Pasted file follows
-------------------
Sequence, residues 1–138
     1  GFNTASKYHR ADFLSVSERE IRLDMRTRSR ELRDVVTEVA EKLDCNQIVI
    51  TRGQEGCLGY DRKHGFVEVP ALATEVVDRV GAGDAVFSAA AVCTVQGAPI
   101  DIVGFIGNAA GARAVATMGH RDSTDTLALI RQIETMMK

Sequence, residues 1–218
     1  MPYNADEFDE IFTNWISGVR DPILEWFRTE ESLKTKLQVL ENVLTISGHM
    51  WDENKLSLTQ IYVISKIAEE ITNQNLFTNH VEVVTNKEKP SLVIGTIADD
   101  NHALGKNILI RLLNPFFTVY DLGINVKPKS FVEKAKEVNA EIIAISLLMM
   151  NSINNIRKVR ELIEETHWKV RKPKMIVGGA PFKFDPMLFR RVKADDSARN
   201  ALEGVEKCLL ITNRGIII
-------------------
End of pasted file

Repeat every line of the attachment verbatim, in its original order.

Sequence, residues 1–138
     1  GFNTASKYHR ADFLSVSERE IRLDMRTRSR ELRDVVTEVA EKLDCNQIVI
    51  TRGQEGCLGY DRKHGFVEVP ALATEVVDRV GAGDAVFSAA AVCTVQGAPI
   101  DIVGFIGNAA GARAVATMGH RDSTDTLALI RQIETMMK

Sequence, residues 1–218
     1  MPYNADEFDE IFTNWISGVR DPILEWFRTE ESLKTKLQVL ENVLTISGHM
    51  WDENKLSLTQ IYVISKIAEE ITNQNLFTNH VEVVTNKEKP SLVIGTIADD
   101  NHALGKNILI RLLNPFFTVY DLGINVKPKS FVEKAKEVNA EIIAISLLMM
   151  NSINNIRKVR ELIEETHWKV RKPKMIVGGA PFKFDPMLFR RVKADDSARN
   201  ALEGVEKCLL ITNRGIII